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Jason Garrett expected to return as New York Giants’ offensive coordinator, source says


EAST RUTHERFORD, N.J. — New York Giants offensive coordinator Jason Garrett is expected to return after a shaky season in which the team finished 31st in total offense and points scored, a source told ESPN.

Although Garrett will stay, there will be some changes to the Giants’ offensive staff, among them the possibility of internal alterations when it comes to the responsibilities of those currently on staff. Increased responsibility for quarterbacks coach Jerry Schuplinski, wide receivers coach Tyke Tolbert and tight ends coach Freddie Kitchens is possible.

In addition, the Giants are searching for a new offensive line coach, with assistant line coach Ben Wilkerson and former Houston Texans line coach Mike Devlin among those being interviewed. Tolbert is also reportedly in the running to be the Minnesota Vikings’ offensive coordinator.

This was the expected outcome with Garrett despite the Giants’ offensive struggles, especially after the coaching carousel had spun for weeks and there was no word on his future. The belief is that some stability for quarterback Daniel Jones and the offense could be valuable.

Jones has already had two offensive coordinators and systems in his first two NFL seasons.

“As far as the potential of Jason leaving, of course it makes you a little antsy,” general manager Dave Gettleman said after the season. “Just imagine, anybody, any of you guys, having your fourth editor in four years. It’s the same thing. It’s no different. We’ll adjust and adapt and do what we have to do, and obviously anything we do moving forward, Daniel is a big part of it. We’re certainly conscious of that piece, to answer your question.”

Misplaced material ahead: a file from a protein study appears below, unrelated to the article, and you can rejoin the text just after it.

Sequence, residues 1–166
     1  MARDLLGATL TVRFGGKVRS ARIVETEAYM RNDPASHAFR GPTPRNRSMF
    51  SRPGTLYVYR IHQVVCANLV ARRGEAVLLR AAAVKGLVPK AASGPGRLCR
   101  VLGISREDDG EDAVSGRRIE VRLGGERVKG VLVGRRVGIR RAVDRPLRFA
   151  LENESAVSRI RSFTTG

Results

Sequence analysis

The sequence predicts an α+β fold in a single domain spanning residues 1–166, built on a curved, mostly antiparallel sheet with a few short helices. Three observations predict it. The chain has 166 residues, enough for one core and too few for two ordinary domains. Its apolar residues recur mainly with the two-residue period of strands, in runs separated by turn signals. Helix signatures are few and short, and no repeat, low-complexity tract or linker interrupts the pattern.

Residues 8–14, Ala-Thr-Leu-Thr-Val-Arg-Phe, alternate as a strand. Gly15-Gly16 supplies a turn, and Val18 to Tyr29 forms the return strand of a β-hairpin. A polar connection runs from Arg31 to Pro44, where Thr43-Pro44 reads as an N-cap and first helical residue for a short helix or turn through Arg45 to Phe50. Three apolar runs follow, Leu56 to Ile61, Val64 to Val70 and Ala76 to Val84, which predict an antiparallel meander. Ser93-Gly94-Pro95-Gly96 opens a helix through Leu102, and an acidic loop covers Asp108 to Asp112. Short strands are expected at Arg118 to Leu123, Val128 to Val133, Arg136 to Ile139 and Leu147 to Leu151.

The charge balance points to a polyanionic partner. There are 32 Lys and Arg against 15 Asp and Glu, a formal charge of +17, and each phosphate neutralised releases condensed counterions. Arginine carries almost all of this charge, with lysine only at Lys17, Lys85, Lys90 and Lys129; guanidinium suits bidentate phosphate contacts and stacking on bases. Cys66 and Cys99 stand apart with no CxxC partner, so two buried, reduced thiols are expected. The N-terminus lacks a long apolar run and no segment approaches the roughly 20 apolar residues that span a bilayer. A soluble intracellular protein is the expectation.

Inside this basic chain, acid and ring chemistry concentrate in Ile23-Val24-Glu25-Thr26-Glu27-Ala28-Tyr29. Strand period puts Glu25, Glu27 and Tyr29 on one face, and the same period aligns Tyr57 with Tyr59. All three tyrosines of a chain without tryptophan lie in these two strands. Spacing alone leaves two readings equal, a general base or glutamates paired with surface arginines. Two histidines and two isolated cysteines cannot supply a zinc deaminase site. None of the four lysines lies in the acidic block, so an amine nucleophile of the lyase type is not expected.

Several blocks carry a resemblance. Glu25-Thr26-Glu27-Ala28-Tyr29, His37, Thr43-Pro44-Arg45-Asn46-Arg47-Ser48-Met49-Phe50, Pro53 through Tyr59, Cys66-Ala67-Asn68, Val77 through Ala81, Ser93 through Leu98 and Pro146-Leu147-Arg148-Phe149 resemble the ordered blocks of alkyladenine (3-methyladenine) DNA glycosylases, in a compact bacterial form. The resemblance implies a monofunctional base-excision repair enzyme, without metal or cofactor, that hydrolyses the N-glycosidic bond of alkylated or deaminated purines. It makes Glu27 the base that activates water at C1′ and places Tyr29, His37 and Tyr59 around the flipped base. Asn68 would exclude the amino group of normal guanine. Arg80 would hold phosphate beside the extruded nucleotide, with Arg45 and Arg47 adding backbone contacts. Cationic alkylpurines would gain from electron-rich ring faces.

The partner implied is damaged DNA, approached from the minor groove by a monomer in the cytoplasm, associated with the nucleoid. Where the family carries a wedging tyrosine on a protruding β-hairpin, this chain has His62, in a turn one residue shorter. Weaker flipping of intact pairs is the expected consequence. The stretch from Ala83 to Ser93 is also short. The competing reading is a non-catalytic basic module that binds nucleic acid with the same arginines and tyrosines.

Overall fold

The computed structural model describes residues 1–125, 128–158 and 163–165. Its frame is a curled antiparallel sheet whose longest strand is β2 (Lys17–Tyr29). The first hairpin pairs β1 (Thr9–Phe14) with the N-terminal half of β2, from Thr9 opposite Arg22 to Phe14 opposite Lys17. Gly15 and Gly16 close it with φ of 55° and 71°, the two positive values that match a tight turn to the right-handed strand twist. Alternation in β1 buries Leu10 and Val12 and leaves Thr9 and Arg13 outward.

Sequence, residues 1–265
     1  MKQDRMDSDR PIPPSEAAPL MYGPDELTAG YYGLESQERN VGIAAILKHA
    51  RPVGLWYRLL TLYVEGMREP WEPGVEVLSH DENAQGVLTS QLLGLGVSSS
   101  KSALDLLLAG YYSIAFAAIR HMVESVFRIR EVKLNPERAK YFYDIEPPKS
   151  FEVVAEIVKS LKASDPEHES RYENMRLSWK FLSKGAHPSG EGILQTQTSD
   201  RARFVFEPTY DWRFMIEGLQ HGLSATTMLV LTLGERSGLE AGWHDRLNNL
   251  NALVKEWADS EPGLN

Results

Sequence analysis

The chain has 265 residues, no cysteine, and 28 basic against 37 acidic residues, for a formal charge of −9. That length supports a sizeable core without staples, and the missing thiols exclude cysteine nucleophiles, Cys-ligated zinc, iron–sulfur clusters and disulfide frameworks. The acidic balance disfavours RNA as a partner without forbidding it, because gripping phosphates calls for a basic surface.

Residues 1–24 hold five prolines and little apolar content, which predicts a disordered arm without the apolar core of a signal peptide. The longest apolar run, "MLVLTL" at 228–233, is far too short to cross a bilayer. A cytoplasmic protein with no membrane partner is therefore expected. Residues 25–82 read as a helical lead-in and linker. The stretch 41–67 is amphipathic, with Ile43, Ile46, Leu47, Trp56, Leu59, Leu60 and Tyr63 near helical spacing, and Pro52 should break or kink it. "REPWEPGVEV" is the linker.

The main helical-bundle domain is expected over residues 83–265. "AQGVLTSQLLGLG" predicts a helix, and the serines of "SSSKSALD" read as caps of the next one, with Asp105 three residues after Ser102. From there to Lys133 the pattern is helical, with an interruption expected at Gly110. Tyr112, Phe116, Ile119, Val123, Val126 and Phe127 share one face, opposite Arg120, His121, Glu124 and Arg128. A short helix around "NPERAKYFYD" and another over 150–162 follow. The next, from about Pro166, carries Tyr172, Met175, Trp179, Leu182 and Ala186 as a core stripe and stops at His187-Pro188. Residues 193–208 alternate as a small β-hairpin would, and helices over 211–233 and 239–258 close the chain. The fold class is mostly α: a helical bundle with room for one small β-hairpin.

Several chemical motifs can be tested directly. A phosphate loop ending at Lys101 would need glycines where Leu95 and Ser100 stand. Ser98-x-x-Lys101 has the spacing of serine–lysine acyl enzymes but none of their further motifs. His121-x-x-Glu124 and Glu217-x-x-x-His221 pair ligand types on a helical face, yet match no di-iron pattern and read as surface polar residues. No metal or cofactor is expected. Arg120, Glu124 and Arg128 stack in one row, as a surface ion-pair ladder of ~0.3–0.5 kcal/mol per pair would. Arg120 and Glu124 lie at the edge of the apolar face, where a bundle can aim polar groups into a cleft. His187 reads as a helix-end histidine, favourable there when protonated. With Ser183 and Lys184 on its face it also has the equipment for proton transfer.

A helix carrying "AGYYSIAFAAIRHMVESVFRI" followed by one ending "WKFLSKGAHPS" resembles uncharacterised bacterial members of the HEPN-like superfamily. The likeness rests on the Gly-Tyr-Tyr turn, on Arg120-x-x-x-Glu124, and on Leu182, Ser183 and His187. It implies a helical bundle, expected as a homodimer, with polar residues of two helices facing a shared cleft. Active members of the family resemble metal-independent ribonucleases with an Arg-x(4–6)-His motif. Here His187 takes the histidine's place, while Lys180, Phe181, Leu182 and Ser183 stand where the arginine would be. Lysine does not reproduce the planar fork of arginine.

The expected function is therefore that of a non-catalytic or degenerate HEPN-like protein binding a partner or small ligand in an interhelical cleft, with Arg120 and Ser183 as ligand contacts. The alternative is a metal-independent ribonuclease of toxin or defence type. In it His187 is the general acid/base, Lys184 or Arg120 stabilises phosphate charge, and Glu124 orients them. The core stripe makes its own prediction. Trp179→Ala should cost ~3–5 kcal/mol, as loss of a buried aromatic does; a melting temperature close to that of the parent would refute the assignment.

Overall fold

Garrett, 54, came to New York after nine seasons as the Dallas Cowboys’ head coach. But it was at the request of ownership that first-year coach Joe Judge looked at the former Giants backup quarterback to be his coordinator.

Despite Judge signing off on it, the marriage seemed arranged and wasn’t perfect in Year 1. It became evident that Garrett might not be the perfect match with Judge when offensive line coach Marc Colombo was fired midseason. Colombo and Garrett had spent years together in Dallas. Colombo wasn’t happy that Judge was bringing in veteran offensive line coach Dave DeGuglielmo as a consultant, and the situation deteriorated from there.

DeGuglielmo’s contract has since expired, and he is not expected to return, according to multiple sources.

Sources also told ESPN that Judge was very hands-on with the offense (much as he was with the offensive line) and that it seemed to create a noticeable “tension” with Garrett. That could have been because of the results. The Giants (6-10) topped 23 points just once in the final 11 games. Only the New York Jets ranked below them in points and total offense.

Jones also didn’t make the strides they were hoping to see in his second season while the offense stumbled continually. He produced just 12 touchdowns this past season but had 16 turnovers.

The Giants were also more aggressive when Kitchens stepped in to call plays while Garrett was unavailable because of a positive COVID-19 test. Judge was especially complimentary of the job Kitchens, a former offensive coordinator and head coach in Cleveland, did in Garrett’s absence.

Garrett sidestepped a question late in the season about whether he would return for a second year with the Giants.

“I’m just excited about the opportunity we have this week,” he said before the season finale against the Cowboys. “Really, I’ve just tried to stay in the moment in any position I’ve had as a player or coach in the NFL. That’s typically when you play your best and coach your best. That’s really what I’m focused on.”

Judge also didn’t seem thrilled with the effectiveness of the offensive system. He was hardly effusive with praise for Garrett when asked what he wanted to see from the offense next season. In fact, he didn’t even mention Garrett’s name.

“Well, I’m always going to look for our offense to evolve with the players we have in it. To me, the priority is getting good players in here, which I think we have, and then put them in positions where they can make plays,” he said.

Before his nine-season stint as the Cowboys’ head coach, Garrett was Dallas’ offensive coordinator. But he hadn’t called plays since 2012. The Giants’ offense also took a serious hit when star running back Saquon Barkley tore his knee in Week 2.

Barkley, along with Garrett now, also is expected back for next season.

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